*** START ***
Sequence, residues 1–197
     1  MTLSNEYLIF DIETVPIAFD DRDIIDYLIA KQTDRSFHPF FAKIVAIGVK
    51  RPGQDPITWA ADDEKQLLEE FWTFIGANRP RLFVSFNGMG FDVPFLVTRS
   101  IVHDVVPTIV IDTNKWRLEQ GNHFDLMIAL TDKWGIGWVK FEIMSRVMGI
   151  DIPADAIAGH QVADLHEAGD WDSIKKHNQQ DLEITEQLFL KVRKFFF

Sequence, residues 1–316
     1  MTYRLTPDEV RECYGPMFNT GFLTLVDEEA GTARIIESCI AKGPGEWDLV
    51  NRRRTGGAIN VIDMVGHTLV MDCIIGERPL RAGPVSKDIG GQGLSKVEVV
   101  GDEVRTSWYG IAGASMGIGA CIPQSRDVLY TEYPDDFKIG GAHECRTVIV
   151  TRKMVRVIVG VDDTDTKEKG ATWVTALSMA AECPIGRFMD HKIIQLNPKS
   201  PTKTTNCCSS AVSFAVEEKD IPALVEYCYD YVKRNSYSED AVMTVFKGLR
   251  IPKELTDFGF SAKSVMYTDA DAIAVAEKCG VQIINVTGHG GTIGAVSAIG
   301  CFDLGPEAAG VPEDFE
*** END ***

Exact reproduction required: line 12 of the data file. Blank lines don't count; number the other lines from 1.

   251  IPKELTDFGF SAKSVMYTDA DAIAVAEKCG VQIINVTGHG GTIGAVSAIG